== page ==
Gabriel Garcia Marquez's brother, Jaime Garcia Marquez, confirmed last week that the legendary author is in fact suffering from senile dementia. During an academic conference in Cartegena de Indias, Colombia, El Universal reported that Jaime told the audience he “is doing well physically, but he has been suffering from dementia for a long time.”

Although his brother has not confirmed of whether or not this would affect his written work, Jaime Abello, director of the Gabriel García Márquez New Journalism Foundation in Cartagena, said that it has been understood for months that Mr. García Márquez would publish no more fiction.

Jaime disagrees with Abello and stated that “I do not agree. It is an interpretation based on someone who does not share daily life with him."

Gabriel was working on a novel, “We’ll See Each Other in August,” but that, according to his editor at Random House Mondadori, Cristobal Pera, there was no scheduled publication date and the author seemed disinclined to have it published. According to the New York Times, he told Pera, ‘This far along I don’t need to publish more.'"

The author often calls his brother, Jaime, to ask basic questions. Jaime said, "he has problems with his memory. Sometimes I cry because I feel like I’m losing him.” Jaime is 13 years younger than Gabriel, El Clarin, a newspaper in Argentina reports.

The Colombian author won a Nobel prize in 1982 and is best known for his novels: Love in the Time of Cholera (El amor en los tiempos de cólera)--which was made into a movie, Chronicle of a Death Foretold (Crónica de una muerte anunciada), and his 1967 masterpiece, One Hundred Years of Solitude (Cien años de soledad). This novel has been translated into more than 30 languages, has sold more than 30 million copies and is considered by many literary critics to be one of the most important contemporary Latin American works of literature.

In 1999, "Gabo", as he is called by many was diagnosed with lymphatic cancer, which he overcame. However, it is believed that the cancer treatment has accelerated his mental decline.

"Dementia runs in our family and he's now suffering the ravages prematurely due to the cancer that put him almost on the verge of death," the author's brother said in Spanish.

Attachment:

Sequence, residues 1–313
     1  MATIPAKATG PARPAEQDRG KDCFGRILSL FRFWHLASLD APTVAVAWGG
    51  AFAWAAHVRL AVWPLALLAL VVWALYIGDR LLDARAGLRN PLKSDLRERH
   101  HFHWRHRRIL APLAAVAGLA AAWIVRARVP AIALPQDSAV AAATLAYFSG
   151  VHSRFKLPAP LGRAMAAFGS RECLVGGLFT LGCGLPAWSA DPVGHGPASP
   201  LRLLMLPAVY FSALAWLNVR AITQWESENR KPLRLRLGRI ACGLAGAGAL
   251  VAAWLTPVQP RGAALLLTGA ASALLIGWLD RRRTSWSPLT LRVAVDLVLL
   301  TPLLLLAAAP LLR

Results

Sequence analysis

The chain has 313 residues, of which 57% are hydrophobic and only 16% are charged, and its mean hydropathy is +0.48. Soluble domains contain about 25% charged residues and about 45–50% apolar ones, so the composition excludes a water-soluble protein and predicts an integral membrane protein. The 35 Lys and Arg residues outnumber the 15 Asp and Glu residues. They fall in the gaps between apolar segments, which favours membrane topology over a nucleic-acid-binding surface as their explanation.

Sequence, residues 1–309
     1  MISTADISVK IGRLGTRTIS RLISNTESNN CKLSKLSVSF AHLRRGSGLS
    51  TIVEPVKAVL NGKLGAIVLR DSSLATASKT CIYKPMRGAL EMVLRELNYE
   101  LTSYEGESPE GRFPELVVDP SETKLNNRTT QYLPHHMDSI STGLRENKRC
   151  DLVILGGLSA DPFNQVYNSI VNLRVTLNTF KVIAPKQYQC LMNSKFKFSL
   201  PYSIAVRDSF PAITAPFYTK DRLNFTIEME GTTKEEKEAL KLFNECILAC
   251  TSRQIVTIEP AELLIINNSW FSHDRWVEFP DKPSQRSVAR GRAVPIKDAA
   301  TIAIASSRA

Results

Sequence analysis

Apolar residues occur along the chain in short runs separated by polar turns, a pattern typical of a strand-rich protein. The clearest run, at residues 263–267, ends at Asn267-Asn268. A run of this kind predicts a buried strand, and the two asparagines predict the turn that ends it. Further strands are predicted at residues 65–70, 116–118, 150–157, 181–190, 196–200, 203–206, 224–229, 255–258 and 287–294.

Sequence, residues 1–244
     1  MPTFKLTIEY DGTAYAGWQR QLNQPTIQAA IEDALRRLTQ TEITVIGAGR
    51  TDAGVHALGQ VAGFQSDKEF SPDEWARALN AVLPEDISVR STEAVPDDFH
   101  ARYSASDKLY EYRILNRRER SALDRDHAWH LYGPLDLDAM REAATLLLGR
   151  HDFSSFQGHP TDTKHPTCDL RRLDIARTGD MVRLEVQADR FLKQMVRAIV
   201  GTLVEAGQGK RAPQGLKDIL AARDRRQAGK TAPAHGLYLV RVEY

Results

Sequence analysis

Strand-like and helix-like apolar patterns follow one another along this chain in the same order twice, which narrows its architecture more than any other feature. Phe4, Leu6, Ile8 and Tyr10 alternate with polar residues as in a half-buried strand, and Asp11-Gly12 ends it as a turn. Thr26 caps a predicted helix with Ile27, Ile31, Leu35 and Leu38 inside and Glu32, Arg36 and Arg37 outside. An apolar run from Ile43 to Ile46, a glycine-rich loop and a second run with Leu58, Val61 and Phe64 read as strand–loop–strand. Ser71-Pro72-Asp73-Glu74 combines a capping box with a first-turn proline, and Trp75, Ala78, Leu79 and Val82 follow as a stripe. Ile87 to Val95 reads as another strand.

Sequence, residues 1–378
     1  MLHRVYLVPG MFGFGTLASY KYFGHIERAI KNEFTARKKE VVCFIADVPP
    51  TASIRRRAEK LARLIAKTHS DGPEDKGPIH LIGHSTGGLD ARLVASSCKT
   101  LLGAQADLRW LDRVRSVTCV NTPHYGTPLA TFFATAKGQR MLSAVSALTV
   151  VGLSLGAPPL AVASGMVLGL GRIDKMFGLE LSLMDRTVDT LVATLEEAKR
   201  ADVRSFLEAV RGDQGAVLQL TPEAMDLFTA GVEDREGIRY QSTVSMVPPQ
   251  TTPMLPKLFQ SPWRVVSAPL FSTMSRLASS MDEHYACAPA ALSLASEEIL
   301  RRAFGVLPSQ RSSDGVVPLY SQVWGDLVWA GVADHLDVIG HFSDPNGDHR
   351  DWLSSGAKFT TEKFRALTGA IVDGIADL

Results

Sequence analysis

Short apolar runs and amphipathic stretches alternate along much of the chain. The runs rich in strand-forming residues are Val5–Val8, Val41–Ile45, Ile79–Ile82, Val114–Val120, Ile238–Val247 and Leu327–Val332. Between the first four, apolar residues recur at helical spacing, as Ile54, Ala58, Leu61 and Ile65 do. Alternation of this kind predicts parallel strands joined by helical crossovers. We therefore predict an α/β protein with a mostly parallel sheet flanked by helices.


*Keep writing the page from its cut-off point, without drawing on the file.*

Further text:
"Chemotherapy saved his life, but it also destroyed many neurons, many defences and cells, and accelerated the process. But he still has the humour, joy and enthusiasm that he has always had," reported El Clarin.

Jaime said that he tried to keep his brother's condition a secret, "because it's his life and he's always tried to protect it".

In June, however, concerns were raised when fellow novelist and journalist, Plinio Apuleyo Mendoza, and a close of "Gabo" described "how the 85-year-old author and master of magical realism has trouble recognizing his closest friends.

"Last time we spoke he would forget certain things,” said Mendoza in Spanish. “He would ask me ‘when did you get here? Where are you staying’ and he kept repeating things. Instead, we went out to lunch and we reminisced about events that happened 30 or 40 years ago and his memory was as sharp as ever.

Salman Rushdie, a British Indian novelist and essayist, expressed his sentiment on Twitter, "It's very sad news, @DennisJBock. For many decades García Márquez has been the greatest of us all." Rushdie's second novel, Midnight's Children (1981), won the Booker Prize in 1981. His work is famous for combining magical realism with historical fiction.


Salman Rushdie
It's very sad news, . For many decades García Márquez has been the greatest of us all.

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  • Gabriel García Márquez